On July 20, five days out, they undocked the Lunar Module (LM) from the Command Module. They had traveled roughly 240,000 miles in just 76 hours inside a cramped, 12-foot-diameter cabin. The LM descended to the lunar surface. As it touched down on television, these words were heard:
“Tranquility Base, the Eagle has landed.”
From Mission Control came the words
“People were blue here; they’ve started breathing again.”
There were smiling faces all over the world.
First Men on the Moon
It was hours before they left the LM to descend the ladder to the moon. During that time, Buzz Aldrin did something not widely reported, and when it was published, it was done somewhat confusingly.
He was an Elder in his home church, the Webster Presbyterian Church. Before he left, he got special permission to take with him the elements of bread and wine to perform Communion in the Lunar module. He poured wine into a small chalice and served Communion to himself before he donned his helmet to exit the spacecraft.
Ahead of him went Neil Armstrong. After Armstrong said the words:
“That’s one small step for (a) man, one giant leap for mankind.
…he continued with:
“It’s got a stark beauty all its own, like the high desert.”
Into this magnificent desolation… Buzz Aldrin followed to the surface about 20 minutes later, carefully guided down the ladder by Neil Armstrong.
You can see the location of the landing on the Google map here. The video of the step-off is here:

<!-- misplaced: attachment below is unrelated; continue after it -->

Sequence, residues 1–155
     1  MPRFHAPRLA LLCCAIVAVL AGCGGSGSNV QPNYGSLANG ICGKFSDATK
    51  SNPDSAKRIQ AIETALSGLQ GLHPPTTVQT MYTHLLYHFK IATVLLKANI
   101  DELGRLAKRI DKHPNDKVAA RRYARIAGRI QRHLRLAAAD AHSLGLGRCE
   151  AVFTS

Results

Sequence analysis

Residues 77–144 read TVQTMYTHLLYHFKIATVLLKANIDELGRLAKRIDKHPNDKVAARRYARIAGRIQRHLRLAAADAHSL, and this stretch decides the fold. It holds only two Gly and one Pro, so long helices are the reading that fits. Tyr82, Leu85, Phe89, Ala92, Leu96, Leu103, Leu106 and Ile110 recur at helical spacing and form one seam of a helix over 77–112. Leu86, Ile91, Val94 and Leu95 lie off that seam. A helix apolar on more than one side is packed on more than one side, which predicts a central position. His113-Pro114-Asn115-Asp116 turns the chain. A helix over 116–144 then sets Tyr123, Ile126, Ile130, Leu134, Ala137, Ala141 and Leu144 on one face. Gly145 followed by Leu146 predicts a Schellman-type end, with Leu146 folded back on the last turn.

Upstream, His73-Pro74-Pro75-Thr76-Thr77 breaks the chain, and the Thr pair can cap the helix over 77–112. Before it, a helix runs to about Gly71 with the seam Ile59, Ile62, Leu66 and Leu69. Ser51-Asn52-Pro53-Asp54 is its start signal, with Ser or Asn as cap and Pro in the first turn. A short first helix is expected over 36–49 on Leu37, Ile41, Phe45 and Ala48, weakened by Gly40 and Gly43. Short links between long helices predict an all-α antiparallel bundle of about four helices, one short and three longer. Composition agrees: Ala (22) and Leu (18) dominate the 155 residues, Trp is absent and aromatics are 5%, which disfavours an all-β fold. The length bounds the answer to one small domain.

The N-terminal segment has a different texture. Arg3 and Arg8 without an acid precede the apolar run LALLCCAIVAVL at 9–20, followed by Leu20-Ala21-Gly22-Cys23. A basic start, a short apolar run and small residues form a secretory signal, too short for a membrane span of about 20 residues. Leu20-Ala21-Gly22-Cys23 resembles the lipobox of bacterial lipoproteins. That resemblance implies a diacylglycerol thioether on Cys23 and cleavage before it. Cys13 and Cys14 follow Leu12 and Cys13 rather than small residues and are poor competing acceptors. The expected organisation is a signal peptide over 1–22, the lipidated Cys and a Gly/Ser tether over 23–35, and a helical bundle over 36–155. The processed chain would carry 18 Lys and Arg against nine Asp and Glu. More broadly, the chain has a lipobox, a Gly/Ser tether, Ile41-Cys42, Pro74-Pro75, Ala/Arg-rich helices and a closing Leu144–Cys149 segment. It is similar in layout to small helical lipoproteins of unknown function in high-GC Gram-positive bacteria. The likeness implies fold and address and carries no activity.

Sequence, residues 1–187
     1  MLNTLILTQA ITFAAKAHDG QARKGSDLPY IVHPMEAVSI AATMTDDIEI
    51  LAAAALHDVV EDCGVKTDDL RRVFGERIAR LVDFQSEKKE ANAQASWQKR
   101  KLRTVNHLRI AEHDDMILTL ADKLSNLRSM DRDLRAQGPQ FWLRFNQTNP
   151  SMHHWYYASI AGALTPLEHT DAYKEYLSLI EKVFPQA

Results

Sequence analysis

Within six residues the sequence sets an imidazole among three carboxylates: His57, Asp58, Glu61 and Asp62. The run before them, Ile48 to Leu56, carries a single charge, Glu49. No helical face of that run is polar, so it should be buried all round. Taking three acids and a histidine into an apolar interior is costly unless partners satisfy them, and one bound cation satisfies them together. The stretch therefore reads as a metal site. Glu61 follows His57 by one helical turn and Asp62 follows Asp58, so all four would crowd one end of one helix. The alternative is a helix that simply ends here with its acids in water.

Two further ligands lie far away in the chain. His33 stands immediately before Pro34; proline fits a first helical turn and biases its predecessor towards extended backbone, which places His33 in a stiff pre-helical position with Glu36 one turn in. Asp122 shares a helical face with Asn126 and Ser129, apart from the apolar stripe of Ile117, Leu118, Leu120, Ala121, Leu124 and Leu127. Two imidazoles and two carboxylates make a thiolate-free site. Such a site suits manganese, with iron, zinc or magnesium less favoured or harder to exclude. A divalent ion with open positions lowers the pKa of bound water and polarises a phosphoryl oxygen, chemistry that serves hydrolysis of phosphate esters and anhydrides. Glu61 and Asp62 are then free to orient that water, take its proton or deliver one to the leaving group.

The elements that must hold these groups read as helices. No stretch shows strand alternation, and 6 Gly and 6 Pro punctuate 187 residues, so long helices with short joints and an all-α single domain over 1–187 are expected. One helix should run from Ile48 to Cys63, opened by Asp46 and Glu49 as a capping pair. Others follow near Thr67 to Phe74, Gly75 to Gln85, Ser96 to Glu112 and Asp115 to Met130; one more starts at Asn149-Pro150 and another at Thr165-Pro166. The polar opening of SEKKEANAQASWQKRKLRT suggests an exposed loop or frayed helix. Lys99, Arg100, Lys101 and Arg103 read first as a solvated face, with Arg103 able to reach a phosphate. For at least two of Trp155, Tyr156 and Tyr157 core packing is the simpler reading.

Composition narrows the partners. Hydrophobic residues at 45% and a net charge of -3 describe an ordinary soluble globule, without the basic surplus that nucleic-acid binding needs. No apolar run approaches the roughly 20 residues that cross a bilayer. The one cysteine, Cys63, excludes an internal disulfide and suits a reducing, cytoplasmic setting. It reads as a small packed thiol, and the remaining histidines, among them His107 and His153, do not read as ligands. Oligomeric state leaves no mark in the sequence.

The Apollo 11 crew received a phone call from President Richard Nixon during which the astronauts said they felt honored to be on the mission. Before they left the moon’s surface, they left a silicon disc with the message:
“We came in peace for all mankind.”
Mike Collins flew in the Command and Service Module (CSM) above the moon, orbiting every forty-seven minutes for more than a day, alone in the Columbia. The Colossus IIA computer accompanied him.
The lunar module spent the “night” on the moon, to start working on science experiments and moon rock collection the next day. After completing their mission on the surface of the moon, the lunar module lifted off to rejoin Columbia in orbit, executing an intricate docking procedure.
At 130 hours, 30 minutes into the mission, Columbia had transferred back the 2-man crew and jettison the Eagle to begin its burn for the Earth.
The American aircraft carrier USS Hornet departed out of Honolulu, Hawaii, to retrieve the capsule after its return to Earth. The Apollo 11 capture landed 2 miles off the intended landing area due to weather and seas. At 12:50 PM local time, after an 8-day voyage, the capsule, suspended by three parachutes, landed in the Pacific Ocean. The astronauts would spend 18 days in quarantine. No humans had ever returned from an extraterrestrial body to the Earth.
When they were released, there was a ticker-tape parade in New York City in front of 4 million people. Everyone I knew watched it.
We choose to go to the moon. We choose to go to the moon in this decade and do the other things, not because they are easy, but because they are hard, because that goal will serve to organize and measure the best of our energies and skills, because that challenge is one that we are willing to accept, one we are unwilling to postpone, and one which we intend to win, and the others, too.
-President John F. Kennedy, September 12, 1962. Rice University
Next stop, Mars?
Bill Petro, your friendly neighborhood historian